Critical illness is any disease process that causes physiological instability leading to disability or death within minutes or hours. Perturbation of the neurological and cardiorespiratory systems generally has the most immediate life-threatening effects. Fortunately such instability can be reliably detected from deviations from the normal range during simple clinical observations, such as level of consciousness, respiratory rate, heart rate, blood pressure and urinary output [4] .

The metabolic response to critical illness

The body's response to critical illness occurs in phases that clearly change over time. There appears to be an acute phase in which the modern ICU patient is undergoing acute resuscitation and the body's evolutionary metabolic response to injury is rapid catabolism [2] . If the patient survives the acute phase, this is followed by a more chronic phase of critical illness when the patient becomes quite vulnerable to recurrent infection and other complications, which can lead to a return to the acute phase. If the patient can recover sufficiently, they will enter a recovery phase, which often coincides with ICU discharge to a hospital floor or rehabilitation unit ([Figure 1]) [2],[5] .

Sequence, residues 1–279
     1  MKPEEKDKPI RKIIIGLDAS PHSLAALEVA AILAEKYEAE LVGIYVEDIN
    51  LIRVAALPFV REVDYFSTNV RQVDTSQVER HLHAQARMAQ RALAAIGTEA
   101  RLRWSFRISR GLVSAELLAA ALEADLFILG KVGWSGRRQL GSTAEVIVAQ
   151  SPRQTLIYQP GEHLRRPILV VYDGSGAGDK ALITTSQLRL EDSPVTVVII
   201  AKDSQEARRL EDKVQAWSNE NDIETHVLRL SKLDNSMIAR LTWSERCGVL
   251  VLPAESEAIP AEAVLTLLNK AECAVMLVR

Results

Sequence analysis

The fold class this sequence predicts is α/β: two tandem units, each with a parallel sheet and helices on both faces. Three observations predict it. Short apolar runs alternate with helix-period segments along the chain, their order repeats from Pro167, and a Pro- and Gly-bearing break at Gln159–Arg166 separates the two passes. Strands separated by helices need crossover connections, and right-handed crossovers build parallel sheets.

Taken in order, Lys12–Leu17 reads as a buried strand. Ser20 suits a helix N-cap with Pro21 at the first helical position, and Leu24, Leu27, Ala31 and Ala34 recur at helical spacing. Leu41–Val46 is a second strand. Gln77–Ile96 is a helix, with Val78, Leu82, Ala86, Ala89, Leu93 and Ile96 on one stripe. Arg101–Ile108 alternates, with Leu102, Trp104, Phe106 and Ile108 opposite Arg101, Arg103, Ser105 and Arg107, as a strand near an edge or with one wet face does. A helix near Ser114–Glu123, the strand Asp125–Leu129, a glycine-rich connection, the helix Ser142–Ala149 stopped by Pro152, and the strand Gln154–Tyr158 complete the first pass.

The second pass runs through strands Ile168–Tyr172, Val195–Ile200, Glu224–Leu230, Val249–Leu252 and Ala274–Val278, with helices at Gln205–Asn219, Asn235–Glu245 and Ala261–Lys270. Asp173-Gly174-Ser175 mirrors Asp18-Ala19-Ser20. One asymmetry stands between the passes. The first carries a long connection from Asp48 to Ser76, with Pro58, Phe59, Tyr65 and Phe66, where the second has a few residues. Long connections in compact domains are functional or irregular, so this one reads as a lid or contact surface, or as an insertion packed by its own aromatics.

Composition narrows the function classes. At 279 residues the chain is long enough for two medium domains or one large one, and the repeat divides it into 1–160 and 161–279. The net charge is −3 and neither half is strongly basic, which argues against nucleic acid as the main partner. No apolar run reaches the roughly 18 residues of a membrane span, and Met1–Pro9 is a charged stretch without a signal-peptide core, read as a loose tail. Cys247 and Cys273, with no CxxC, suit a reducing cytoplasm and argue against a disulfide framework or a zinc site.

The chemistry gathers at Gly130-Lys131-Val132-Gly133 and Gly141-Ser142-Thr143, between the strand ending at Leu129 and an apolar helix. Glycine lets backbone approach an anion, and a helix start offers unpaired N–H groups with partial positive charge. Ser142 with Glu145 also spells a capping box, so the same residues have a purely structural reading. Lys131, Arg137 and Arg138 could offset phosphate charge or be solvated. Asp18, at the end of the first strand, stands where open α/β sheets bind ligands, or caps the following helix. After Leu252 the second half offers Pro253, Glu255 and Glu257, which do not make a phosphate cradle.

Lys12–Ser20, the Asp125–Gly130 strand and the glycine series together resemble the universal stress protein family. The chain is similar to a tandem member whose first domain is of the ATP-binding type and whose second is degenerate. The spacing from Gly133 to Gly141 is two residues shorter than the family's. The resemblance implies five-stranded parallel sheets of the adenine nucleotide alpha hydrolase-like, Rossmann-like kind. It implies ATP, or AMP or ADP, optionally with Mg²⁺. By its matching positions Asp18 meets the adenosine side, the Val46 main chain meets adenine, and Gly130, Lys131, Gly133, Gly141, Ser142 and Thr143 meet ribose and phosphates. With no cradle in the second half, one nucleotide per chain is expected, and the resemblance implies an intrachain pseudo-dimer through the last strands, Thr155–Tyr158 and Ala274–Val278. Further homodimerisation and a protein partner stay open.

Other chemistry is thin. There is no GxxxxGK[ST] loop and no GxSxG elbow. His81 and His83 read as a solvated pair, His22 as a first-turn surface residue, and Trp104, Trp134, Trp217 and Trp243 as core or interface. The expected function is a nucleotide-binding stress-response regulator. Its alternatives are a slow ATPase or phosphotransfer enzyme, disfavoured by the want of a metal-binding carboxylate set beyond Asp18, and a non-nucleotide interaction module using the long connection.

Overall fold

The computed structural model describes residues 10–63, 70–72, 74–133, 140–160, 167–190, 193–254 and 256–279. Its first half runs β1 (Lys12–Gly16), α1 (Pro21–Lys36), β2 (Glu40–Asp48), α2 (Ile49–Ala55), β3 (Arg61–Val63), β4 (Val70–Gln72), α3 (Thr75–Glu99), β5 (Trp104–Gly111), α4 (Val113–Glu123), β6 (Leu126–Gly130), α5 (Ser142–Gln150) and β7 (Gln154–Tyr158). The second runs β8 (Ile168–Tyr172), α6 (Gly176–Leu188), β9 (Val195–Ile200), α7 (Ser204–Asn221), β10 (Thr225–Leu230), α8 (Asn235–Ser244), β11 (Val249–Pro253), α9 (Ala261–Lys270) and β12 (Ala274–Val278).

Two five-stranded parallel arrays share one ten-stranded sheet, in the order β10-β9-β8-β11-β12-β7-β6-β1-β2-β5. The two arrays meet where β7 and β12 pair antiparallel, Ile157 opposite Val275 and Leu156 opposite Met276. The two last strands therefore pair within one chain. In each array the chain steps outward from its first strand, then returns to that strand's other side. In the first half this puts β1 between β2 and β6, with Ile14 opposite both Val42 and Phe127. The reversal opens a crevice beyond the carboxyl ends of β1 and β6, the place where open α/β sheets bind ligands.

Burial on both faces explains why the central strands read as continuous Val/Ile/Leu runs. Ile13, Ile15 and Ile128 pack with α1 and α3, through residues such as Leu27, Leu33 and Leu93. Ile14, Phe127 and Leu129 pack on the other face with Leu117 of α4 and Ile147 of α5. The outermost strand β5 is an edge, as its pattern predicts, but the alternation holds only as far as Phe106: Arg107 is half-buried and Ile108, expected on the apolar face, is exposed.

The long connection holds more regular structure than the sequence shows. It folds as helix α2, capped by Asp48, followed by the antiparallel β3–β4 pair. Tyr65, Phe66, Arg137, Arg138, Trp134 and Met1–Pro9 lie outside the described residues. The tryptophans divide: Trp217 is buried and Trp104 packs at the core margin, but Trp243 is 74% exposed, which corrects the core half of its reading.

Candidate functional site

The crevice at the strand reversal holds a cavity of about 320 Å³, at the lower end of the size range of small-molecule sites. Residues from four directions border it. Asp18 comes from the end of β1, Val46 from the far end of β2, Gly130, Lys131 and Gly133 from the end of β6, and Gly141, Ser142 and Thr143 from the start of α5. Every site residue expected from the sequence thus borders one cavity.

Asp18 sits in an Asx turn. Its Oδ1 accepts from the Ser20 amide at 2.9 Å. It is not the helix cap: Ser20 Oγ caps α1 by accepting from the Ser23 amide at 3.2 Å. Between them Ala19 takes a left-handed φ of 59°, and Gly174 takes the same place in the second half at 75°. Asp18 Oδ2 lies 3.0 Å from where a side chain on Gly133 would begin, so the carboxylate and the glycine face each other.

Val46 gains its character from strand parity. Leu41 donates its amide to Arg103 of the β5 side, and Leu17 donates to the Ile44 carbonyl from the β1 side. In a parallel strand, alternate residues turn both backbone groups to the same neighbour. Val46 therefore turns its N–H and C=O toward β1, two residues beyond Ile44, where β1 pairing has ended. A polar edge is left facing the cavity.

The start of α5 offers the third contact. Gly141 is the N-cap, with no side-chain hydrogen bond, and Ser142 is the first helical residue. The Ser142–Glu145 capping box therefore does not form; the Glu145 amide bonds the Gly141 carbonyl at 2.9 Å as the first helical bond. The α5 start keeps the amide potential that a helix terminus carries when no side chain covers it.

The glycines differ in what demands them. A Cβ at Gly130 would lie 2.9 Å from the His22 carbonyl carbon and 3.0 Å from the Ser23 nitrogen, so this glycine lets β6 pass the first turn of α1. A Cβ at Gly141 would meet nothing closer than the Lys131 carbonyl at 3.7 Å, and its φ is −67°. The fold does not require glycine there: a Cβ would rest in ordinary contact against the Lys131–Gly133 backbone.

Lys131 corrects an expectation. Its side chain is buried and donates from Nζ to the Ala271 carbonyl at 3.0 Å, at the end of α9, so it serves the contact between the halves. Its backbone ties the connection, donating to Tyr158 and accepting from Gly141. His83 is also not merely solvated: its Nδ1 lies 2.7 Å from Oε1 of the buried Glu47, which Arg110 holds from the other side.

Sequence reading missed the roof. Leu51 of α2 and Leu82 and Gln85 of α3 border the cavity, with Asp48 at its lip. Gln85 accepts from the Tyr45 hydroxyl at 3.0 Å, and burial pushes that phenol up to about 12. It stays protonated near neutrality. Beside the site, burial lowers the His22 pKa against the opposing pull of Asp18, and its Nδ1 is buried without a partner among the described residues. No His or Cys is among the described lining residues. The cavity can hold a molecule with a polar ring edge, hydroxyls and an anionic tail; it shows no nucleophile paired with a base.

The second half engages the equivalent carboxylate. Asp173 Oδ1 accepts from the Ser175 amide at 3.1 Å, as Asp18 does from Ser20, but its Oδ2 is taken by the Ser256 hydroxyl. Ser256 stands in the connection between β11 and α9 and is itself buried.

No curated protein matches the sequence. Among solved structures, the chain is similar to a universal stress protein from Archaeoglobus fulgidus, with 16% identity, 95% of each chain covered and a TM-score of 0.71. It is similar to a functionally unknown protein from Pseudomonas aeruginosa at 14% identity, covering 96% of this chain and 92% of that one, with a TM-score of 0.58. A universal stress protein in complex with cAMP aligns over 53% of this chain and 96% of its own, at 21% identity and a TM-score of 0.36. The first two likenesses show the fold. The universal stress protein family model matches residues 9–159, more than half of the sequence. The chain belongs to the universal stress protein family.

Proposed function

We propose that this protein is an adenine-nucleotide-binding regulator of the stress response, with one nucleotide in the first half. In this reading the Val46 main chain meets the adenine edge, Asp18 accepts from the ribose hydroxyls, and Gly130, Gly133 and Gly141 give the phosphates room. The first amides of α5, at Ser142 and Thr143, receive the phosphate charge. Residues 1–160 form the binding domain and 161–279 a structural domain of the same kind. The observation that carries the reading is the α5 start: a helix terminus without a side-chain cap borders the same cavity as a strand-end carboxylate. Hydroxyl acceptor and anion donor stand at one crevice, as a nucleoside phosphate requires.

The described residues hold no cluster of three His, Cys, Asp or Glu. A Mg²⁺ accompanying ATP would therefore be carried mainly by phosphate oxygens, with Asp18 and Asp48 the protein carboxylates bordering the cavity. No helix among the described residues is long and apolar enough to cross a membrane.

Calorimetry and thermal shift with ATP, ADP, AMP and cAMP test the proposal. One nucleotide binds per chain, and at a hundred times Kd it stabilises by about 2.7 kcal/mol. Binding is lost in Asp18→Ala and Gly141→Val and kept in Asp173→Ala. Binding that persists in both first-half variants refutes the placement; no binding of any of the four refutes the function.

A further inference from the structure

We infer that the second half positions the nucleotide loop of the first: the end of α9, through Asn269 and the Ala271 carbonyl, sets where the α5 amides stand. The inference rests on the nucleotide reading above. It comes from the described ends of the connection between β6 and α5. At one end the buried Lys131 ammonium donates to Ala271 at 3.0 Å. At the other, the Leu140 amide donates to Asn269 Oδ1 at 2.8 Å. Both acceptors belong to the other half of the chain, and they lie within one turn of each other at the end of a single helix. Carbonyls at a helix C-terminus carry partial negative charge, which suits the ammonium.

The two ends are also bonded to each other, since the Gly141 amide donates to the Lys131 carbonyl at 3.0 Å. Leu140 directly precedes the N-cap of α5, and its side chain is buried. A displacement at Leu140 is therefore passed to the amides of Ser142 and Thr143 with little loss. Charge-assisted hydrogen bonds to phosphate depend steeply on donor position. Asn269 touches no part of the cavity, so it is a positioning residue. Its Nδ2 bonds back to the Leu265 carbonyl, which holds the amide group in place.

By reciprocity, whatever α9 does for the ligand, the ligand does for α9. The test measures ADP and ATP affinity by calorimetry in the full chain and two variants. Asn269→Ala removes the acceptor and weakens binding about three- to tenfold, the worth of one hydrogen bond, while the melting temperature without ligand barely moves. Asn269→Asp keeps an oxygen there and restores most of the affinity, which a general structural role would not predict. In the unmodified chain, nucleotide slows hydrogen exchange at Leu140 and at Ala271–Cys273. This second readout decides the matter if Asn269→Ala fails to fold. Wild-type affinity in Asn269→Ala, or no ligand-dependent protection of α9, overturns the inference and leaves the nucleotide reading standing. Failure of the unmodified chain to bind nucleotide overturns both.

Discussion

Figure 1: The metabolic response to injury [5]. ACTH, adrenocorticotropic hormone.

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Nutritional screening

All ICU admissions should be screened to assess their need for nutrition support. Nutrition support should be recommended within 24-48 h of ICU admission (or once haemodynamically stable) for undernourished or hypercatabolic patients, ill patients expected to stay in the ICU for 3 days or more, and patients not expected to commence diet within the next 5 days or more [6] .

A 'nutrition risk in the critically ill score' (NUTRIC score) has recently been validated for screening ICU patients. The final NUTRIC score consisted of six variables, including age, baseline APACHE 2 score (Acute Physiological and Chronic Health Evaluation), baseline SOFA score (Sequential Organ Failure Assessment), number of comorbidities, days from hospital admission to ICU admission, and serum interleukin-6. These specific variables were found to be highly predictive of outcomes, such as mortality and duration of mechanical ventilation (MV), with higher NUTRIC scores predicting poor outcome [7] .

Nutritional assessment

A complete nutrition assessment includes subjective global assessment, anthropometric measurements, and dynamic nutritional assessment that includes muscle function tests, nitrogen balance, plasma proteins, cell-mediated immunity and creatinine height index.